Monday, April 24, 2017
Now on the Courts Law section of JOTWELL is Beth Thornburg’s essay, A Well-Pleaded Argument. Beth reviews Lonny Hoffman’s recent piece, Plausible Theory, Implausible Conclusions, 83 U. Chicago L. Rev. Online 143 (2016).
Today the U.S. Supreme Court denied certiorari in Salazar-Limon v. City of Houston. Unlike most cert denials, this one prompted written opinions—one dissenting and one concurring. Justice Sotomayor, joined by Justice Ginsburg, authored a dissenting opinion, which begins:
Just after midnight on October 29, 2010, a Houston police officer shot petitioner Ricardo Salazar-Limon in the back. Salazar-Limon claims the officer shot him as he tried to walk away from a confrontation with the officer on an overpass. The officer, by contrast, claims that Salazar-Limon turned toward him and reached for his waistband—as if for a gun—before the officer fired a shot. The question whether the officer used excessive force in shooting Salazar-Limon thus turns in large part on which man is telling the truth. Our legal system entrusts this decision to a jury sitting as finder of fact, not a judge reviewing a paper record.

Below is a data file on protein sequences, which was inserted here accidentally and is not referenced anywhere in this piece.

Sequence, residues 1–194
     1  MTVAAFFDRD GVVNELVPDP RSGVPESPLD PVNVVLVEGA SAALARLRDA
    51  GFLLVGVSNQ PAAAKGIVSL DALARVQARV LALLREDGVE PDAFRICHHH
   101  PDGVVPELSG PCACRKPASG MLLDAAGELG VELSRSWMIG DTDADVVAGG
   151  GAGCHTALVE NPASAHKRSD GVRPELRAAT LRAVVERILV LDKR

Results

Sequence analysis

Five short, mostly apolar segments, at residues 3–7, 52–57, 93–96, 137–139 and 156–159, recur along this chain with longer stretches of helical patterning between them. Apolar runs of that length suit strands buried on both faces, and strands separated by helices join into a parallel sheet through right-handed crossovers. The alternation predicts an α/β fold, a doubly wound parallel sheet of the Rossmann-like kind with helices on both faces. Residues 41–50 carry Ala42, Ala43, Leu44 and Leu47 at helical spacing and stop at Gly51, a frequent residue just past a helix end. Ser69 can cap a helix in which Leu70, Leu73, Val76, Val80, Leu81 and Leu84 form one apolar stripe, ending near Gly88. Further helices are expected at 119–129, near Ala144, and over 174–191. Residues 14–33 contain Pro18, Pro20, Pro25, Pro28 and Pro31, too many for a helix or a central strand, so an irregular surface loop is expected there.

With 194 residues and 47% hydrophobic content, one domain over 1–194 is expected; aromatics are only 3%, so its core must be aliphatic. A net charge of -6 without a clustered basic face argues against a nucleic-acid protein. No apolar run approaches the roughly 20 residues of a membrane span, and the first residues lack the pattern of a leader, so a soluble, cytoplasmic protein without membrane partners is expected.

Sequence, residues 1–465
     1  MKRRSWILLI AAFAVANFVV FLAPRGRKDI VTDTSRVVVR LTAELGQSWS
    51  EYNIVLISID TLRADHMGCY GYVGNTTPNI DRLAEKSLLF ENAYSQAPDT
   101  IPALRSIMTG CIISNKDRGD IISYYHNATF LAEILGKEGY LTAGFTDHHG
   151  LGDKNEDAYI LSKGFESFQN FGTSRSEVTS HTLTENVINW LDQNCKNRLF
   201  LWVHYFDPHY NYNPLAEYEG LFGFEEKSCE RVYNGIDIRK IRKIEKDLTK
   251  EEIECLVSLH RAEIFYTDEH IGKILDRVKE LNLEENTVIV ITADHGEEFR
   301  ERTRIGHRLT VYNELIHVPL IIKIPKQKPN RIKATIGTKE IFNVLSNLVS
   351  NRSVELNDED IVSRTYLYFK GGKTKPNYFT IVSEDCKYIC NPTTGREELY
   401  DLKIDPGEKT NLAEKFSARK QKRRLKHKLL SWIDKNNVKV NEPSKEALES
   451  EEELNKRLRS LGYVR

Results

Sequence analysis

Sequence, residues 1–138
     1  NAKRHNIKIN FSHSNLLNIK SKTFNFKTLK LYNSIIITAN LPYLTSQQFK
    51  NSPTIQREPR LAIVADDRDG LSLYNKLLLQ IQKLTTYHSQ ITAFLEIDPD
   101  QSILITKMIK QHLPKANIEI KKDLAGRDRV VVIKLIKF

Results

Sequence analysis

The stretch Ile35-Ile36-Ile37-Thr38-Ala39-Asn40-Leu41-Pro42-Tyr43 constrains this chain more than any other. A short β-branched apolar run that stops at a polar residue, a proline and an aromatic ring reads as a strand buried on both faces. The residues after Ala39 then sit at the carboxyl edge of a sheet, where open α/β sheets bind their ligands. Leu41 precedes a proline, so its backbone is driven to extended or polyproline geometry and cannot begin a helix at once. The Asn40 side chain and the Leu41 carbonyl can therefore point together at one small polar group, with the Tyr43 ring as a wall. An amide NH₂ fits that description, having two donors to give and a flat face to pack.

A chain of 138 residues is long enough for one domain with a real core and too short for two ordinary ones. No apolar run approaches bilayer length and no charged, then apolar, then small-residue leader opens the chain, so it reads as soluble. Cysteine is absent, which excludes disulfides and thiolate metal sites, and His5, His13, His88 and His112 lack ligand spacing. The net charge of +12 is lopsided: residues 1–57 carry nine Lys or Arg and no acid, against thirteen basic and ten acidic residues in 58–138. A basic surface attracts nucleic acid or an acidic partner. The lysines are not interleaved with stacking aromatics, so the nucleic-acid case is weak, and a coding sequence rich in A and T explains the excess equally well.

The courts below thought otherwise. The District Court credited the officer’s version of events and granted summary judgment to respondents—the officer and the city. 97 F. Supp. 3d 898 (SD Tex. 2015). The Fifth Circuit affirmed. 826 F. 3d 272 (2016). But summary judgment is appropriate only where “there is no genuine dispute as to any material fact.” Fed. Rule Civ. Proc. 56(a). The courts below failed to heed that mandate. Three Terms ago, we summarily reversed the Fifth Circuit in a case “reflect[ing] a clear misapprehension of summary judgment standards.” Tolan v. Cotton, 572 U. S. ___, ___ (2014) (per curiam) (slip op., at 10). This case reflects the same fundamental error. I respectfully dissent from the Court’s failure to grant certiorari and reverse.